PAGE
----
Researchers have uncovered how melanoma becomes resistant to a promising new drug combination utilizing BRAF+MEK inhibitors after an initial period of tumor shrinkage. This study was published in Cancer Cell (2015; doi:10.1016/j.ccell.2014.11.018).
This 2-year study was led by Roger Lo, MD, PhD, of the University of California Los Angeles (UCLA) Jonsson Comprehensive Cancer Center (JCCC). During the study, Lo and his team took 43 tumor samples from 15 patients before they were prescribed the new BRAF+MEK inhibitor combination drugs and then after relapsed due to drug resistance. The participants had all benefited from the combination therapy initially, but after periods of time the tumors regressed.
All the tumor biopsies taken from these patients were subjected to in-depth analysis of the genetic material extracted from the tumors. This analysis of patient-derived tumors then provided leads to how melanoma cells grown in Lo’s laboratory rewired their growth circuitry to get around the inhibitors.
Lo’s team found that the melanoma cells resist the combination of BRAF+MEK inhibitors by developing highly unusual genetic changes in certain key cancer genes. These signature genetic changes, or configurations, not only mark the presence of drug-resistant melanoma cells but also tell us about potential new ways to shut them off.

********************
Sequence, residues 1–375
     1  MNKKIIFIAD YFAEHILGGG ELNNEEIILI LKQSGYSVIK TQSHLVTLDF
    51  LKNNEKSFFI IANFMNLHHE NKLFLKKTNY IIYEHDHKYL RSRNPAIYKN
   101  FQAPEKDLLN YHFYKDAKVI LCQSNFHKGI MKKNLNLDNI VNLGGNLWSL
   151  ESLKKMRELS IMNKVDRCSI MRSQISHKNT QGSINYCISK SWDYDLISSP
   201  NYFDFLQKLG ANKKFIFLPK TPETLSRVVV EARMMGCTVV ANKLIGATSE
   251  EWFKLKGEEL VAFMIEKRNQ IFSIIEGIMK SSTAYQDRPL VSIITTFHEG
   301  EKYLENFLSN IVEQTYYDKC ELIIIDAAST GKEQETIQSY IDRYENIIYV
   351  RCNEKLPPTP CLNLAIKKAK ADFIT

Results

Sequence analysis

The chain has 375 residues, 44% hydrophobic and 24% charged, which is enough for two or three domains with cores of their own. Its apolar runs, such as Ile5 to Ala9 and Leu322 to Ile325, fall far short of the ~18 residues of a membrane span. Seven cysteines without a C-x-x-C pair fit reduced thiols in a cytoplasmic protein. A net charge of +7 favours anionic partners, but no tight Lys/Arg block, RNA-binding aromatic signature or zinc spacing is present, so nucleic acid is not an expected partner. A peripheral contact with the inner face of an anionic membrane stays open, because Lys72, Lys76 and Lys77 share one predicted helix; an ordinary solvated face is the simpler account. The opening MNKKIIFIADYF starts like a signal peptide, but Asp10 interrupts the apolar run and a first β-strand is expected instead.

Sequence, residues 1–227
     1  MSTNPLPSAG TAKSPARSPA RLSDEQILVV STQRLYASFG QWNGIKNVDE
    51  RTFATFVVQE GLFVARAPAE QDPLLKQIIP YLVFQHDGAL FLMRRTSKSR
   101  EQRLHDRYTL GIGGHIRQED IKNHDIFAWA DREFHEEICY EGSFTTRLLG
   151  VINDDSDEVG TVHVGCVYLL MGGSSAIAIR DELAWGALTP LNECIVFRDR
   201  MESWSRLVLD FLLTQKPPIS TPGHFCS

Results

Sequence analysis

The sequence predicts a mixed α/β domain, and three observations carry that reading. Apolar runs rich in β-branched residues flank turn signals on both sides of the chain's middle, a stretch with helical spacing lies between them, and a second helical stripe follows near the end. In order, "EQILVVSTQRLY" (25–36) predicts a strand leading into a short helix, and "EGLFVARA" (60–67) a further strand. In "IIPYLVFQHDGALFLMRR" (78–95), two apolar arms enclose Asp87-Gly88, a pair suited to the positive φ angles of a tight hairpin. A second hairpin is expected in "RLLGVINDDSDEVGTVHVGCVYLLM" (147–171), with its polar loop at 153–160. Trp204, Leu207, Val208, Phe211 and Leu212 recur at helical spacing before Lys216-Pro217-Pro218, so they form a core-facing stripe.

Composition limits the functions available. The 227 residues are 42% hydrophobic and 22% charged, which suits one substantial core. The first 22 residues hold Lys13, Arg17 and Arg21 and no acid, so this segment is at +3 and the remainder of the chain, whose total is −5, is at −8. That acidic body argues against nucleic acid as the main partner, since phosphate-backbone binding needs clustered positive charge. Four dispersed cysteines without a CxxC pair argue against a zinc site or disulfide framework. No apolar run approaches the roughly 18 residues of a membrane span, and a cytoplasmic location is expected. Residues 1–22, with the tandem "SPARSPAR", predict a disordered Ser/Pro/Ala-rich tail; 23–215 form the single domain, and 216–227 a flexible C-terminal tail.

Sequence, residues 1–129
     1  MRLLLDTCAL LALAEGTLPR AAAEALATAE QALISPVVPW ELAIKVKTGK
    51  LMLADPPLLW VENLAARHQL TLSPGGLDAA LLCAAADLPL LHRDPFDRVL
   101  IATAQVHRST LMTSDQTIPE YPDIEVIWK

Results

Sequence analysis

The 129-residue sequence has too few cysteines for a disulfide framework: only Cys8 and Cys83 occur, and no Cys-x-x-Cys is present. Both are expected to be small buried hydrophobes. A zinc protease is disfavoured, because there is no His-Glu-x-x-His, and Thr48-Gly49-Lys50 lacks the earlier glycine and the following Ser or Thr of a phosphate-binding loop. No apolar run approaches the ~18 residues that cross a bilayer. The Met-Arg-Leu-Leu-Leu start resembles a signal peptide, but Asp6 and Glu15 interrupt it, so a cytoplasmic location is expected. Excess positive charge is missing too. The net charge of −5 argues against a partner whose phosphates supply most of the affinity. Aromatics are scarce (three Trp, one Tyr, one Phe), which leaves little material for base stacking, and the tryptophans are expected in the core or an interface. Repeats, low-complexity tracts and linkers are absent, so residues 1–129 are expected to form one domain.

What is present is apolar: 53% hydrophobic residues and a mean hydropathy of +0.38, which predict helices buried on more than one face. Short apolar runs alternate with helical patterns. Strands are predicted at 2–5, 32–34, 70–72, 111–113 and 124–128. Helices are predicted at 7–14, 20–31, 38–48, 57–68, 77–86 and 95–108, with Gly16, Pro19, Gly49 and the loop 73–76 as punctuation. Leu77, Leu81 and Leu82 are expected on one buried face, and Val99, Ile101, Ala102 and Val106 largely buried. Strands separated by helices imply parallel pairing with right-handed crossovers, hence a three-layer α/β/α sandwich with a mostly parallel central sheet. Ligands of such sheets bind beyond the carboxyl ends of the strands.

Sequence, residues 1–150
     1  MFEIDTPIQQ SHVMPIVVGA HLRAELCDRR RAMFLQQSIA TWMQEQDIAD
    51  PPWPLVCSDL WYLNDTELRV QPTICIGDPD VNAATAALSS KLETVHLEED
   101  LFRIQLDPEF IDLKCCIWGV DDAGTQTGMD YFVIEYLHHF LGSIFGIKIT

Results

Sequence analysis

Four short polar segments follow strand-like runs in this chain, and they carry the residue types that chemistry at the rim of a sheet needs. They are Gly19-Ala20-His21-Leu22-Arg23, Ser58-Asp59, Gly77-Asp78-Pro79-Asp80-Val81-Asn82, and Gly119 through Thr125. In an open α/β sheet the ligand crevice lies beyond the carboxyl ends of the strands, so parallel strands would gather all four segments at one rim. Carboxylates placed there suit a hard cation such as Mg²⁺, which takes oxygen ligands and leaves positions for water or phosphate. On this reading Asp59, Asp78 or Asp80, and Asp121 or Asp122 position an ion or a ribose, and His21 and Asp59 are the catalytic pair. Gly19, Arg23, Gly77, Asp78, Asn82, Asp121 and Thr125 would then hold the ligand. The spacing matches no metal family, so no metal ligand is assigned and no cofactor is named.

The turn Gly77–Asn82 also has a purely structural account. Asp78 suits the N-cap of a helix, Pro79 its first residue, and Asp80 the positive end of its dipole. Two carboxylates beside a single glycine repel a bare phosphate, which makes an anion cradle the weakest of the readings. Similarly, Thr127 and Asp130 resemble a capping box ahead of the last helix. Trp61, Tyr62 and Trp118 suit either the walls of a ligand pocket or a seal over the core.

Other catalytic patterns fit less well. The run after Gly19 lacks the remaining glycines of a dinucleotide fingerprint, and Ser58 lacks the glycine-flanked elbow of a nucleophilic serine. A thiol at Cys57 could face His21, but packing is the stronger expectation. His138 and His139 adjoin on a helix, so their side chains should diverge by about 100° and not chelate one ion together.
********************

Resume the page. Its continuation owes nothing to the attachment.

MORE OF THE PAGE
“We need to find ways to go beyond the BRAF+MEK drug combination, by possibly finding a third drug, or alter how we prescribe the [combination] of drugs,” said Lo, UCLA assistant professor of dermatology. “The idea is to eventual suppress melanoma drug resistance even before it arises.”
“In most cases, melanoma eventually becomes resistant,” said coauthor Antoni Ribas, MD, PhD, JCCC member and professor of hematology and oncology. “We now understand the molecular basis of the resistance mechanisms, which leads to the planning of new treatment approaches to disable these mechanisms.”
An estimated 70,000 new cases of melanoma are diagnosed each year in the United States. Of those, 8,000 people will die of the disease. Approximately 50% of patients with metastatic melanoma, or 4,000 people a year, have the BRAF mutation.
Lo and Ribas previously collaborated on several seminal drug resistance studies investigating how melanoma resisted the then-experimental drug PLX4032, which is now known as vemurafenib (Zelboraf) and was approved by the FDA in 2011.
These studies have provided critical insights that led to development of the current combination therapy for melanoma using BRAF+MEK inhibitors and additional on-going clinical trials. Lo hopes this new study will also lead to more effective therapies for patients.
“If we understand how a disease fights your therapy, then we can start to design more effective treatment strategies,” Lo said.